Study on How Social Networks Impact Our Day-To-Day Life

A survey shows that attempting to take good photos for social media interferes with people's ability to be happy.

Two journalists from the New York Times, Joseph Grenny and David Maxfield, conducted a survey about how social media activity impacts our day-to-day lives. The results show that 58% of 1623 people surveyed said taking perfect pictures for social media has prevented them from enjoying life experiences. The reason people are distracted from enjoying their experiences is a phenomenon Grenny and Maxfield termed "trophy hunting," which is when people are focused on capturing a likable post shot instead of living in the moment.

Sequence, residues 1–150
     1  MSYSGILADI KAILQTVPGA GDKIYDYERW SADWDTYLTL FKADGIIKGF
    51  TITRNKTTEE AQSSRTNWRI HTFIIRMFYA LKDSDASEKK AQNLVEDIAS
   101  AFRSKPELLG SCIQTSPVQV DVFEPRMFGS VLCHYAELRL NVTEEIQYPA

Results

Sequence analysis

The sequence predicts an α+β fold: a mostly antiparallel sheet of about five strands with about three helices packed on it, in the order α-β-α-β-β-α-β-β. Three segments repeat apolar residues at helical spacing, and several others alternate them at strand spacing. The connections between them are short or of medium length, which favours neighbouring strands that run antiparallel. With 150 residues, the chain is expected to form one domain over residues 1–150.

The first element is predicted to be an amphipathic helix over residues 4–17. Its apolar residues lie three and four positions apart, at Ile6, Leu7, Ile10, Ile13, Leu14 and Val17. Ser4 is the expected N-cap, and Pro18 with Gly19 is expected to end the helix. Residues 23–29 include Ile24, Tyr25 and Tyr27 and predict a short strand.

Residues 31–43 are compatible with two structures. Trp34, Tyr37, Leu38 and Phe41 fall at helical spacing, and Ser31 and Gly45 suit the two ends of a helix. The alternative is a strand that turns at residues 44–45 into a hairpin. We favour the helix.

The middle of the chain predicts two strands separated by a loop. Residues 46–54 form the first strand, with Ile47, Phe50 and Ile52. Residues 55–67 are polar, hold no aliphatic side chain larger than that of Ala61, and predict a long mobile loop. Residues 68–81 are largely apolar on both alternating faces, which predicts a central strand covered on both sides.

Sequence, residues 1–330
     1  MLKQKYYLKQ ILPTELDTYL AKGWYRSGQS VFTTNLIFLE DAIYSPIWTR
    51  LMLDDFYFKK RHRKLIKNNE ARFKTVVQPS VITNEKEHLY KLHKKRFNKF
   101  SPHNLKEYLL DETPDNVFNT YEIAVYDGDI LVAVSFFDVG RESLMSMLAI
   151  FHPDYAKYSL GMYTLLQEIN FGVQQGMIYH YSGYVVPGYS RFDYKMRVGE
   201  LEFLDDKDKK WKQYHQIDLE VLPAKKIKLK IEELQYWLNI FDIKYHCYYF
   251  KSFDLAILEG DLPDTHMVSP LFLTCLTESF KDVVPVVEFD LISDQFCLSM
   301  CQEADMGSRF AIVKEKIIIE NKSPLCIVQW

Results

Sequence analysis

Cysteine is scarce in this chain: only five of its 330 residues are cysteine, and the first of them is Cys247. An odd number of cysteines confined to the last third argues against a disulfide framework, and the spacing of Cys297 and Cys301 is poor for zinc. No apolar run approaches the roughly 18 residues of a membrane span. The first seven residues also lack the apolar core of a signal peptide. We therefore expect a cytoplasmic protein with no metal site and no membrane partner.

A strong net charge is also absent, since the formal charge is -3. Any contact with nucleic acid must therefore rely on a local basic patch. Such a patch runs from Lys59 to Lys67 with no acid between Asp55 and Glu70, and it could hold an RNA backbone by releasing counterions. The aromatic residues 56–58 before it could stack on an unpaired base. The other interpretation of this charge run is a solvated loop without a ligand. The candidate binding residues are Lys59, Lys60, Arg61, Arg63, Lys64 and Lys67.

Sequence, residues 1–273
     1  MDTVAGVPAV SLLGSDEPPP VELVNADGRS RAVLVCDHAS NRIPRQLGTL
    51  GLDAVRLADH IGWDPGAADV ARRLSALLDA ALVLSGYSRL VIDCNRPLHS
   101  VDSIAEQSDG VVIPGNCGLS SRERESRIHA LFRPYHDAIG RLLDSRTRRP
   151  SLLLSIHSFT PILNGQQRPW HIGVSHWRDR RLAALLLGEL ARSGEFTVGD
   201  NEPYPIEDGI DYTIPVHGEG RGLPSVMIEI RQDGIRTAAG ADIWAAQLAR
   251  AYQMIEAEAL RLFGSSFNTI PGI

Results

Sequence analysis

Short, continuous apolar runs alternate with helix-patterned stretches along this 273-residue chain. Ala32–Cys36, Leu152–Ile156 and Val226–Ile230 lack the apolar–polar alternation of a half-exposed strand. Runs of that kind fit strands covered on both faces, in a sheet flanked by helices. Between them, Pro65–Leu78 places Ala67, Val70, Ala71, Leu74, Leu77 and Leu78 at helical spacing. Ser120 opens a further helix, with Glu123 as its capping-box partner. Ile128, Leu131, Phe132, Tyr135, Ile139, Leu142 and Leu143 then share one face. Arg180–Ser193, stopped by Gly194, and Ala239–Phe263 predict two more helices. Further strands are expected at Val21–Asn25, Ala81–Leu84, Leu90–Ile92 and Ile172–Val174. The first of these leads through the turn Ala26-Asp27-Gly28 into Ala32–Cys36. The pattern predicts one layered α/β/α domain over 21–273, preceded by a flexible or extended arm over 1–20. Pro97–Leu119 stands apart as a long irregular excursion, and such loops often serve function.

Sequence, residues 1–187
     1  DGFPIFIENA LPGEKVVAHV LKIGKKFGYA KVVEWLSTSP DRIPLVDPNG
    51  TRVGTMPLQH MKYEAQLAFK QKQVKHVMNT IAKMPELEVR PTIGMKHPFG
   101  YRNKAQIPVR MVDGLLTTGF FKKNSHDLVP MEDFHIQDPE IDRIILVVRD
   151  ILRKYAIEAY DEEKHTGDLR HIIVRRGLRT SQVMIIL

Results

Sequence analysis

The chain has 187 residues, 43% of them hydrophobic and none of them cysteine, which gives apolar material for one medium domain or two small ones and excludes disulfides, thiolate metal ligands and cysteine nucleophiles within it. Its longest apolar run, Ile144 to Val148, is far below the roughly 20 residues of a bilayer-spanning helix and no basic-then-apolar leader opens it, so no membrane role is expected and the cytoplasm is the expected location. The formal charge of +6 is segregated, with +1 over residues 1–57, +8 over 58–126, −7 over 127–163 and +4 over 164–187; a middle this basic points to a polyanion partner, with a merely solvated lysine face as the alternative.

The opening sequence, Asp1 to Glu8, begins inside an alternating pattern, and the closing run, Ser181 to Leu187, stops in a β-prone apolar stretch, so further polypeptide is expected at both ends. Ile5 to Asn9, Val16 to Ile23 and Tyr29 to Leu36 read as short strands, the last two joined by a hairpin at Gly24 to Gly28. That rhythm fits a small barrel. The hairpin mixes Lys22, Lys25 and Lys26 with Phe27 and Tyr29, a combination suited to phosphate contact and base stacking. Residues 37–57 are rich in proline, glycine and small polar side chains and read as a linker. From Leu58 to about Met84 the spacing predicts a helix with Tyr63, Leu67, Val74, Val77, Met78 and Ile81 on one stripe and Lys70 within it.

About 91% of the respondents said they have witnessed tourists miss a great moment because they were trying to capture it for social media. Some of the respondents said that their desire for a cute shot occasionally provokes antisocial behavior - people discipline their children or risk their own safety to get a like-worthy post.

The journalists suggested that people participating in "trophy hunting" experience a low level of happiness, and should probably take a break from social media activities.

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